To awaken the Dimensional Mind and move through the creative process, Greene says there are three essential steps;
- Choose a proper creative task
- Loosen and open up the mind through certain creative strategies
- Create the optimal mental conditions for a breakthrough or insight
Fuse the intuitive with the rational
The final step to achieving mastery is through fusing the intuitive with the rational.
Through years of working in or studying a particular subject, masters come to understand all elements on a deep and unconscious level.
This high level of intuition is the ultimate form of mastery.
Intuition is developed through following rational thinking. The two work together and it is the master’s depth of knowledge along with their analytical thinking what creates intuition.
This final stage of mastery does not come without its barriers and setbacks but, as Greene says, this is part of the process.
“You must see every setback, failure, or hardship as a trial along the way, as seeds that are being planted for further cultivation, if you know how to grow them. No moment is wasted if you pay attention and learn the lessons contained in every experience.”
Greene says there are strategies for attaining mastery which include;
- Connect to your environment. Detach from technology and take time out to live primitive using only your inbuilt human senses
- Play to your strengths. Develop a supreme focus on what your strengths are not your weaknesses
- Transform yourself through practice. You can’t achieve mastery through natural capabilities but rather it takes day-after-day, year-after-year dedication and practice
- Internalise the details. To truly master something you have to study and absorb the small details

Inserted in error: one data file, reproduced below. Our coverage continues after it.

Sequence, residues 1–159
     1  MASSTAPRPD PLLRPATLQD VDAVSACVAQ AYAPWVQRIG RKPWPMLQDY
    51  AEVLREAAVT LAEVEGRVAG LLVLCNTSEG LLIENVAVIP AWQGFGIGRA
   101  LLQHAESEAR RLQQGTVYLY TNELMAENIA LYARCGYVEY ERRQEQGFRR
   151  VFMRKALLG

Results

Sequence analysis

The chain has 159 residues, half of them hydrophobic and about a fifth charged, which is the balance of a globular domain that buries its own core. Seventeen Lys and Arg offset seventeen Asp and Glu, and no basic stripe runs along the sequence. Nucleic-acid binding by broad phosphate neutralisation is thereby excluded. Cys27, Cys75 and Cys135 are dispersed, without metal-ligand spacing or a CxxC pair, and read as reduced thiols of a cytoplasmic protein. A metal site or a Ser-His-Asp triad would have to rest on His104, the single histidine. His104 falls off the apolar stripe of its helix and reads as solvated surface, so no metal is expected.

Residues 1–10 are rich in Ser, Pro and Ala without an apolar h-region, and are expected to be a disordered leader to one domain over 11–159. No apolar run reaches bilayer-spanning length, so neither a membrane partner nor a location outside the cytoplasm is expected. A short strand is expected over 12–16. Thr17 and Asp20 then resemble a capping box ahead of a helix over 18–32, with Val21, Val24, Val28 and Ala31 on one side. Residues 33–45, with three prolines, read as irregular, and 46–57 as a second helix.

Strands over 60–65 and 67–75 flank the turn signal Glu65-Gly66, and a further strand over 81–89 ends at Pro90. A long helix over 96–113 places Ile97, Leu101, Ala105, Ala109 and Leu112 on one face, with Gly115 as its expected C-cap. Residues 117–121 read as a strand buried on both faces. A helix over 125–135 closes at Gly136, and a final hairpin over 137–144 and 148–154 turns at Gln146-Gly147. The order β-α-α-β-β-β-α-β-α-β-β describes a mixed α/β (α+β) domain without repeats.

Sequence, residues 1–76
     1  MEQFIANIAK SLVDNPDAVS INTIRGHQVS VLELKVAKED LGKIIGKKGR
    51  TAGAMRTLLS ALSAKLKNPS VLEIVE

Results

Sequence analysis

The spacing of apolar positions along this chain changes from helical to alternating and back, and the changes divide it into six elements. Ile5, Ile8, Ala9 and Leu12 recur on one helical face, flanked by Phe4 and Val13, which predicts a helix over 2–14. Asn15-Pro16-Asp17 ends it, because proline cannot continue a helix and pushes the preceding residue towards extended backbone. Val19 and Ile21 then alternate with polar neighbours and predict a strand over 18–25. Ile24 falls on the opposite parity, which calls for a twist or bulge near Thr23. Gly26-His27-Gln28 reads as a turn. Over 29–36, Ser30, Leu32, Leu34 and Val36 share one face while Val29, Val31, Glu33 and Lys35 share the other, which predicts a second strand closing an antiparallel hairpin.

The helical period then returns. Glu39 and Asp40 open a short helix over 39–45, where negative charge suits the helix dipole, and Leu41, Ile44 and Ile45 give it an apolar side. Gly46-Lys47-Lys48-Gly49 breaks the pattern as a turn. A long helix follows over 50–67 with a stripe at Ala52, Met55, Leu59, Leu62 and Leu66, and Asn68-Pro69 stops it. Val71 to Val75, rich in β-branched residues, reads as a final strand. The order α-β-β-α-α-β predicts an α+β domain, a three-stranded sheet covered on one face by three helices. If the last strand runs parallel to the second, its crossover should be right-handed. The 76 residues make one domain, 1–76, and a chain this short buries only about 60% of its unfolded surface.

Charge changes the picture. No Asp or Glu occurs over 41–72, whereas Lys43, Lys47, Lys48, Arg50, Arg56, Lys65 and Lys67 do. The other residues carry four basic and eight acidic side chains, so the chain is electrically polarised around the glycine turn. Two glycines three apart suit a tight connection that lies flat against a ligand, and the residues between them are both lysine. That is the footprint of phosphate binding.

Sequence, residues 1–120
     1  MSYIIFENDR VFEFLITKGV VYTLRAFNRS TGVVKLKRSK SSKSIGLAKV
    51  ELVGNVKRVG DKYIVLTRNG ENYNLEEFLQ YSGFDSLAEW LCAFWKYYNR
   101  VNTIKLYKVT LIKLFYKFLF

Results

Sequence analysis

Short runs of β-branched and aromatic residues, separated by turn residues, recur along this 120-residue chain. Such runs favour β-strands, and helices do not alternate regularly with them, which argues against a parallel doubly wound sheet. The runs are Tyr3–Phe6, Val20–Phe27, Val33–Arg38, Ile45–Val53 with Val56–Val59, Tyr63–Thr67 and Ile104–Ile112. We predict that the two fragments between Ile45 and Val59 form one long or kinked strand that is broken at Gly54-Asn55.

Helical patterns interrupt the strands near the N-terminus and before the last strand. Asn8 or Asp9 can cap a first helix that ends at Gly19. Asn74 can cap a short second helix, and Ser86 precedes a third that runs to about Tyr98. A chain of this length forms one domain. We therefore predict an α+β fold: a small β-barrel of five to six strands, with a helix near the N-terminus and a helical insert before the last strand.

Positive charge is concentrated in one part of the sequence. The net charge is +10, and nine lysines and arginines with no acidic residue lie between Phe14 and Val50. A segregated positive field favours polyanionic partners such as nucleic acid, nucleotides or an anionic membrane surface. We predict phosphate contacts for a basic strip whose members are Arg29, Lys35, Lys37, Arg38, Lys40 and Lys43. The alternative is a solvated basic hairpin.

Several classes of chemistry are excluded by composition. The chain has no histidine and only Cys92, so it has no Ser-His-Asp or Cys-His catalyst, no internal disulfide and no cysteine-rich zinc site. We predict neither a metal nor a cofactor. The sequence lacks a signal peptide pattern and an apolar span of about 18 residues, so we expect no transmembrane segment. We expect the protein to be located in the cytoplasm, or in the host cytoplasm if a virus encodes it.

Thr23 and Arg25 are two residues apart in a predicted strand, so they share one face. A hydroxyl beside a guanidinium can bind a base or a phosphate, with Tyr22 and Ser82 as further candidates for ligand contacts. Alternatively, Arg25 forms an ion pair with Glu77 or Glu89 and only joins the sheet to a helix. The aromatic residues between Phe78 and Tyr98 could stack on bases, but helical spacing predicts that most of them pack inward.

- Widen your vision. Most people are locked in the present, therefore, having a wider vision and understanding will allow you to create a better strategy to prevail
- Submit to the other. Place yourself inside of other people to understand them and think like them
My 3 key learnings from reading Mastery
1. Your life should be in a constant state of apprenticeship
We should endeavour to learn new skills related to our job, vocation, hobby or general life. If you’re not learning new skills and getting out of your comfort zone your worldview becomes smaller each year.
2. Having a direct mentor can shave five years off your skill development
I’ve always been a do-it-yourself kind of guy and used secondary sources like books and the internet to develop my skills. In hindsight, I should have tried to find mentors to work with.
3. You can become a master regardless of age
Some masters don’t achieve mastery status well into an older age because the process takes time. It ain’t over until it’s over.
Final thoughts on Mastery
Mastery is another masterpiece by Greene that will stand the test of time.
The historical references and the in-depth research that go into each one of Greene’s books will keep it selling for years to come.
The first half of the book, for me, seemed to be the most interesting. It took me a few days to read it but towards the end, I was beginning to lose focus. Partly to do with my reading fatigue but also to do with the book drawing out some sections to long to make a point.
If you want to understand what it takes to become a master of a subject then there is no better book than this one.
It may make you realise that you don’t have what it takes to become a master because you’re not prepared for the long process, self-doubt, drudgery and so on.
Or, it may inspire and confirm that you are on the right path in your chosen field and you’re willing to do whatever it takes.
Like The 48 Laws, Mastery is a book I’ll often refer to. I usually buy the Kindle version first and buy a paperback version if the book is special. In this case, I went straight to the paperback because anything from Greene is a keeper.
If you liked this review of Mastery, The 48 Laws of Power review can be found here.